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Matt Elam's Coverage Skills Make Him Total Package

Posted May 1, 2013

Matt Elam played a lot of nickel cornerback at Florida, showing his coverage skills.


Matt Elam’s big hits jump off film.

His tackling prowess and eagerness to, as he put it, “make the receiver be scared,” drew the bulk of the attention immediately after the Ravens drafted him in the first round.

But what shouldn’t be forgotten is how good Elam is in coverage. 

“He makes really impact hits, that’s what everyone sees. But that’s not all he is,” Director of College Scouting Joe Hortiz said. “He’s pretty much the complete safety.”

Elam didn’t play as much safety as one might think at Florida. He was actually often lined up at nickel cornerback.

That would frequently match him up one-on-one over the middle. It’s generally the most difficult part of coverage, and not something many safeties can pull off. Many like to sit back and read, lacking the speed to run with offensive targets.

“They had such confidence in his ability to cover,” Ravens Director of College Scouting Joe Hortiz said. “He can work over a wide receiver in the slot and has the speed and athleticism to match up with those guys. [Florida] matched him up on tight ends.”

When he wasn’t in man coverage, Elam frequently played closer to the line of scrimmage but still in zone coverage. Hortiz said Elam showed good zone awareness, locating routes coming into his zone and anticipating coverage on the back end.

“He’s a really smart football player,” Hortiz said. “He understands zone concepts.”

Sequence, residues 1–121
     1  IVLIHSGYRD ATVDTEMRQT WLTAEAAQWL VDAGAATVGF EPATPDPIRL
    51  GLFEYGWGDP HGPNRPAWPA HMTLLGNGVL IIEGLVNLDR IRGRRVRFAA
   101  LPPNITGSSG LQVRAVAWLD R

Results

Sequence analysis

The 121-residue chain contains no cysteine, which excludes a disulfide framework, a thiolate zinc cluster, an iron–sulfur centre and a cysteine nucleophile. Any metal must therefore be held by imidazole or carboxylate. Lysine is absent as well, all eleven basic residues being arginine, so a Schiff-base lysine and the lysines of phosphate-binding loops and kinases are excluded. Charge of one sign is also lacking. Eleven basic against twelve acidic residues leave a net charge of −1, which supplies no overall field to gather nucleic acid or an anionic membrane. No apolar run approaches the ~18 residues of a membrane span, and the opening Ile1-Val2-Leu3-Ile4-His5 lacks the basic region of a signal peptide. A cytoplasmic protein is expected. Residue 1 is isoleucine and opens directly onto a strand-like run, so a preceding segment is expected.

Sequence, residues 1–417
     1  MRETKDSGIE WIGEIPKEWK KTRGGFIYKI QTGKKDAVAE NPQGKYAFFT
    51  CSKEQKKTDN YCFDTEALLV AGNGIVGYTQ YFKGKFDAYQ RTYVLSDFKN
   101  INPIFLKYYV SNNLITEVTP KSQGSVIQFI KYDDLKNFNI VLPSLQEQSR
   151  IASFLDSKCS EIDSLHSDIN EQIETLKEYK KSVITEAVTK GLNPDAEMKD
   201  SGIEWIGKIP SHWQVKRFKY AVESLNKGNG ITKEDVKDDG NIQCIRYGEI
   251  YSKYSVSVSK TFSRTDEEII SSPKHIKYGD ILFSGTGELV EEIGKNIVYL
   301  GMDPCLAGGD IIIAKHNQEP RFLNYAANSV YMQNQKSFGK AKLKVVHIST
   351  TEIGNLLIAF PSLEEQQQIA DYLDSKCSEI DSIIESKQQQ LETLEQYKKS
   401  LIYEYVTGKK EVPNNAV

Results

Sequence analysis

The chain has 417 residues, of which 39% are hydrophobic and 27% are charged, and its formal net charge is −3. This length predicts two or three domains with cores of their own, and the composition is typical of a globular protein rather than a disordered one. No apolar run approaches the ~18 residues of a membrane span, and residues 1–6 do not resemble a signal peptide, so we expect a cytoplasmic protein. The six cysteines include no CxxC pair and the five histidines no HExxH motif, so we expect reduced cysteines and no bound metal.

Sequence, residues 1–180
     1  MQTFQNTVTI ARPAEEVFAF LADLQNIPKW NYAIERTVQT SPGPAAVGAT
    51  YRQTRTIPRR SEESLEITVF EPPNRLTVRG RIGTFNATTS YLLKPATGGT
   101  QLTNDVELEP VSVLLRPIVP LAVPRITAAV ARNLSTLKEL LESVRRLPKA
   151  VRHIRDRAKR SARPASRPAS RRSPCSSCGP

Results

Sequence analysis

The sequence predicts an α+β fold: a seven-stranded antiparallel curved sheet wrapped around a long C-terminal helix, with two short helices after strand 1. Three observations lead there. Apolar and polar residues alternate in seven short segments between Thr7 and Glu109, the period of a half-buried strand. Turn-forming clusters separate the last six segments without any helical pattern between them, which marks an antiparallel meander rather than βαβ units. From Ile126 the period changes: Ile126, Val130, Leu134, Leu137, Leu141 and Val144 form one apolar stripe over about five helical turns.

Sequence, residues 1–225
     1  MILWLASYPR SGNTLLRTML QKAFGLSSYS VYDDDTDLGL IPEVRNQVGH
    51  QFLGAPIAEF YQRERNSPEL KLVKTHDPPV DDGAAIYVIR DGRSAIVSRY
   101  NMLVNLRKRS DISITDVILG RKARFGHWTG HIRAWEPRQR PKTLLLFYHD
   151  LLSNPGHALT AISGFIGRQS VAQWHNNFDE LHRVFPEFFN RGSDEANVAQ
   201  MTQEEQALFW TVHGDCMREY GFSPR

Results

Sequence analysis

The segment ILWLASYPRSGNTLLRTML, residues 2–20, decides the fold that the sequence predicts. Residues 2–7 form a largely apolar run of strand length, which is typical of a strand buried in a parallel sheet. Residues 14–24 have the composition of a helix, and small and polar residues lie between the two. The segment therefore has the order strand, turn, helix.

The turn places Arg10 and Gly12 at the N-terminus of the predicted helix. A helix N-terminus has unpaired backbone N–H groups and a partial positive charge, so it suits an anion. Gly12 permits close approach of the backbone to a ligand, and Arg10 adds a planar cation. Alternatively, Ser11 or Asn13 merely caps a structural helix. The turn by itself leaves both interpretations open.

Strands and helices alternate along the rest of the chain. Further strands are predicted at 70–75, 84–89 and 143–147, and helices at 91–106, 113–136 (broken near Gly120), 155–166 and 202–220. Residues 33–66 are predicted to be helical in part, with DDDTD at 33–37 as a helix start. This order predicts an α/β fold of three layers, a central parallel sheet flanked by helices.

Then comes the hands. Elam notched six interceptions in his three years in Gainesville, Fla. Those aren’t staggering numbers, but it doesn’t mean Elam isn’t a ball hawk.

It’s because Florida used fellow safety Josh Evans, who was drafted by the Jaguars in the sixth round, in more of a deep coverage role. Evans had three interceptions last year while Elam notched four.

“He’s certainly capable [of more interceptions],” Hortiz said. “When he does drop deep, he shows the range, he shows route awareness and instincts on the back end. He just wasn’t used as much in that role. He can finish with the ball in the air.”

Ed Reed, the player many will compare Elam to, came to the Ravens as a first-round rookie and made an immediate impact as a ball-hawking safety. He picked off five passes in his first year, seven the next and nine in his third season.

That would be a difficult task for Elam to pull off, particularly because free-agent safety Michael Huff may end up playing more of the deep coverage.

But former Ravens head coach and current FOX analyst Brian Billick sees Elam possessing the same skills.

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